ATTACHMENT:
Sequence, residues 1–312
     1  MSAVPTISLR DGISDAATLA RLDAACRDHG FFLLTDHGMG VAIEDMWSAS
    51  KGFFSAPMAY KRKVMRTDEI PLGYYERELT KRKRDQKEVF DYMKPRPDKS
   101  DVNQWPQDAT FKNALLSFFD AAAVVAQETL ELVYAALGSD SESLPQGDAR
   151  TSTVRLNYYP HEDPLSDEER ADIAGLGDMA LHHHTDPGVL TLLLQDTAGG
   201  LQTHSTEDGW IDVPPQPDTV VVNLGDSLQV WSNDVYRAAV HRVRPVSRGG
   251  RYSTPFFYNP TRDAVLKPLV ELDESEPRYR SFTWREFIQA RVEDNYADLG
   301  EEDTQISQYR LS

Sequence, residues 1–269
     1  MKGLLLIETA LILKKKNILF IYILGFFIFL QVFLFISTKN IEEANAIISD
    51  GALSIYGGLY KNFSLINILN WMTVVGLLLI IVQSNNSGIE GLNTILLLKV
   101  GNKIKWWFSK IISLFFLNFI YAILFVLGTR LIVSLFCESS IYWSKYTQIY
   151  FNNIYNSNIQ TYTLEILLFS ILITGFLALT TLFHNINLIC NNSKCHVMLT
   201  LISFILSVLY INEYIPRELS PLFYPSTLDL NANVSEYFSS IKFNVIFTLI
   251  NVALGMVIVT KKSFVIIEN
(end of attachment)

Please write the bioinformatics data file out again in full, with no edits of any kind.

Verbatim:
Sequence, residues 1–312
     1  MSAVPTISLR DGISDAATLA RLDAACRDHG FFLLTDHGMG VAIEDMWSAS
    51  KGFFSAPMAY KRKVMRTDEI PLGYYERELT KRKRDQKEVF DYMKPRPDKS
   101  DVNQWPQDAT FKNALLSFFD AAAVVAQETL ELVYAALGSD SESLPQGDAR
   151  TSTVRLNYYP HEDPLSDEER ADIAGLGDMA LHHHTDPGVL TLLLQDTAGG
   201  LQTHSTEDGW IDVPPQPDTV VVNLGDSLQV WSNDVYRAAV HRVRPVSRGG
   251  RYSTPFFYNP TRDAVLKPLV ELDESEPRYR SFTWREFIQA RVEDNYADLG
   301  EEDTQISQYR LS

Sequence, residues 1–269
     1  MKGLLLIETA LILKKKNILF IYILGFFIFL QVFLFISTKN IEEANAIISD
    51  GALSIYGGLY KNFSLINILN WMTVVGLLLI IVQSNNSGIE GLNTILLLKV
   101  GNKIKWWFSK IISLFFLNFI YAILFVLGTR LIVSLFCESS IYWSKYTQIY
   151  FNNIYNSNIQ TYTLEILLFS ILITGFLALT TLFHNINLIC NNSKCHVMLT
   201  LISFILSVLY INEYIPRELS PLFYPSTLDL NANVSEYFSS IKFNVIFTLI
   251  NVALGMVIVT KKSFVIIEN